Rites of Passage
Credits: Ralph Macchio (writer), Andy Kuhn (penciler), Ralph Cabrera (inks), Matt Webb (colors), Michael Higgins (letters)
Summary: While the X-Men return from Russia, Jubilee is left alone with Xavier at the mansion. Sabretooth, who has emerged from the depths of a pit in the arctic, sneaks into the mansion. He knocks Xavier unconscious, forcing Jubilee to face him alone. She fights Sabretooth to a standstill until he eventually gains the upper hand. Fortunately, Xavier enters in time to hit Sabretooth with a mental blast, enabling Jubilee to push him into the War Room’s exposed wiring. The X-Men return home to discover a captive Sabretooth. Jubilee declares that she’s now officially an X-Man.
Continuity Notes: This issue is a direct follow-up to Sabretooth’s appearances in the first season. Sabretooth knows the mansion’s location and its layout after staying there in episodes three and four. His escape from the arctic in the opening pages is a reference to the end of his fight with Wolverine in episode six. In the animated series, Sabretooth’s next chronological appearance is in either “Bloodlines” or “Weapon X, Lies, and Videotape,” depending on which episode order you follow.
“Huh?” Moments: Sabretooth claims that because he’s been to the mansion before, he knows how to block Xavier’s mental scans. This is utter nonsense. Xavier is also adamant that Jubilee carry a mini-communicator with her while searching the mansion, which is completely pointless since in every incarnation of the character, from his first appearance, Xavier has been able to stay in mental contact with his students.
Review: Well, I asked for an Andy Kuhn issue and I actually got one. His interiors aren’t nearly as strong as his covers, which is a disappointment, but he’s still a marked improvement over what we’ve been getting in this series so far. Kuhn’s work at this point is a strange combination of Bruce Timm and some of Bret Blevins’ more outré art in New Mutants, which of course means it looks nothing like the X-Men cartoon, but it fits the style Marvel’s chosen for this book. Some people will absolutely hate it, and admittedly it is pretty rough in places, but there are a few scenes that show real potential. When Kuhn isn’t totally distorting the cast, there’s a genuine charm to his cartooning. In places, Jubilee is a cute caricature of a teenage girl and Sabretooth is a menacing beast. Xavier never looks right, however, either grimacing, squinting, or grinning the creepiest smile in history.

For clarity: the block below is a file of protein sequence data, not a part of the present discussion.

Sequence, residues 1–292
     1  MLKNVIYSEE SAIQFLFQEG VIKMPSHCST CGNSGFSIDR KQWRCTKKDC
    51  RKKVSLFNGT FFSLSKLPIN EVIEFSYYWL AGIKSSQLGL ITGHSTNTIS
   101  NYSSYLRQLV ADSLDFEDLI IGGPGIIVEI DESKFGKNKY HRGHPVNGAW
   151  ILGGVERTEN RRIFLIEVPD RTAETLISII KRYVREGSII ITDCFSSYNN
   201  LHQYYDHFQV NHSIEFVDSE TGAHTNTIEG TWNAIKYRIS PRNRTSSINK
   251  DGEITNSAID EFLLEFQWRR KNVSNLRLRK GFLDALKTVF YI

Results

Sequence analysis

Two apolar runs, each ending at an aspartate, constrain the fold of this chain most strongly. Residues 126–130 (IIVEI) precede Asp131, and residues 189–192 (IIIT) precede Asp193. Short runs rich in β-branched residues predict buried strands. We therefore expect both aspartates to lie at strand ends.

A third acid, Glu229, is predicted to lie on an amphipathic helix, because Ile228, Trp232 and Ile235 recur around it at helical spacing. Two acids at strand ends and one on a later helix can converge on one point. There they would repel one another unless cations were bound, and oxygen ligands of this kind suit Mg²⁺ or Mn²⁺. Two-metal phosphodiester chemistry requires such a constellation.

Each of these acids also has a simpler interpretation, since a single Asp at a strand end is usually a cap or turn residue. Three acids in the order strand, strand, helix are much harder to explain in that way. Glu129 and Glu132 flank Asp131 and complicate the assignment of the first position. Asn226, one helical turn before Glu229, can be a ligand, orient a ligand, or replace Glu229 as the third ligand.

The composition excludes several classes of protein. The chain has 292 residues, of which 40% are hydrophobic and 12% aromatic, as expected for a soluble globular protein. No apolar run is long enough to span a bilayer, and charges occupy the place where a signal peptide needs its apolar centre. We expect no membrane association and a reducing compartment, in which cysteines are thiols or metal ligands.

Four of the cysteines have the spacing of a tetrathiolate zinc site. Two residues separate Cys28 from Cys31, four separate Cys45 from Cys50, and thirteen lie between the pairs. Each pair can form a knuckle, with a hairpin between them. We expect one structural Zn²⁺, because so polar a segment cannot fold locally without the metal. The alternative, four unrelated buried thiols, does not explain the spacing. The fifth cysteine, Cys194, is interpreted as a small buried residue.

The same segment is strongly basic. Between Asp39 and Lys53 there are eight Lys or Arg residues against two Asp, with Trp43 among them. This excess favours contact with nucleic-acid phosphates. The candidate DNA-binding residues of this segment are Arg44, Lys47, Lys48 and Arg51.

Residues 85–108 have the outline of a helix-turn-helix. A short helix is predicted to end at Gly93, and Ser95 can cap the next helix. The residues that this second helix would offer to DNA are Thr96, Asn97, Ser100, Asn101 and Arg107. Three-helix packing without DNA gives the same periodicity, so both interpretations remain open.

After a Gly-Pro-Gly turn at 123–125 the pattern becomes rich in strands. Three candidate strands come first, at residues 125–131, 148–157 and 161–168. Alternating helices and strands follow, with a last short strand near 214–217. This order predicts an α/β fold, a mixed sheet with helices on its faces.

Even more annoying than the occasionally off-model art is the story. Like most of the previous issues, the basic idea is fine, but the execution is hindered by blindingly obvious mistakes. If Ralph Macchio doesn’t even know how Xavier’s powers work, I think it’s justifiable for the audience to question just how much he knows about the X-Men in the first place. In addition to getting the powers wrong, Macchio often seems to have only a vague understanding of who the characters are supposed to be. Yes, Jubilee is a teenage valley girl, and she was fairly annoying in the cartoon, but when did she ever say “like” every three seconds? (And why is she thinking the placeholder word “like” in her thoughts?) I’m not going to pretend that “like” has never shown up in her dialogue, but just throwing that in there (repeatedly) and pretending that you’ve somehow established a personality for her is absurd.
It’s a shame, because this had the potential to be a solid issue. The premise springs straight from the show’s canon, the cast is kept small and manageable, and there is a clear arc for Jubilee to complete before the story’s over. Even though the censors would tone down much of this material (Jubilee spits in Sabretooth’s face after he orders her repeatedly to beg for her life), it’s not hard to imagine this plot serving as a springboard for an episode of the cartoon. There are moments this issue that evoke what a quality Adventures book for the X-canon might be like, making the screw-ups even more frustrating.